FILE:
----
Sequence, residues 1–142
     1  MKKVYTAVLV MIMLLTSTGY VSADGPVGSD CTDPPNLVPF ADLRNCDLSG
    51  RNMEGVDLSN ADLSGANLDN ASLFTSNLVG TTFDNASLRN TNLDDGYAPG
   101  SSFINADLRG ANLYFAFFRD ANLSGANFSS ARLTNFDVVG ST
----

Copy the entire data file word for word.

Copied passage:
Sequence, residues 1–142
     1  MKKVYTAVLV MIMLLTSTGY VSADGPVGSD CTDPPNLVPF ADLRNCDLSG
    51  RNMEGVDLSN ADLSGANLDN ASLFTSNLVG TTFDNASLRN TNLDDGYAPG
   101  SSFINADLRG ANLYFAFFRD ANLSGANFSS ARLTNFDVVG ST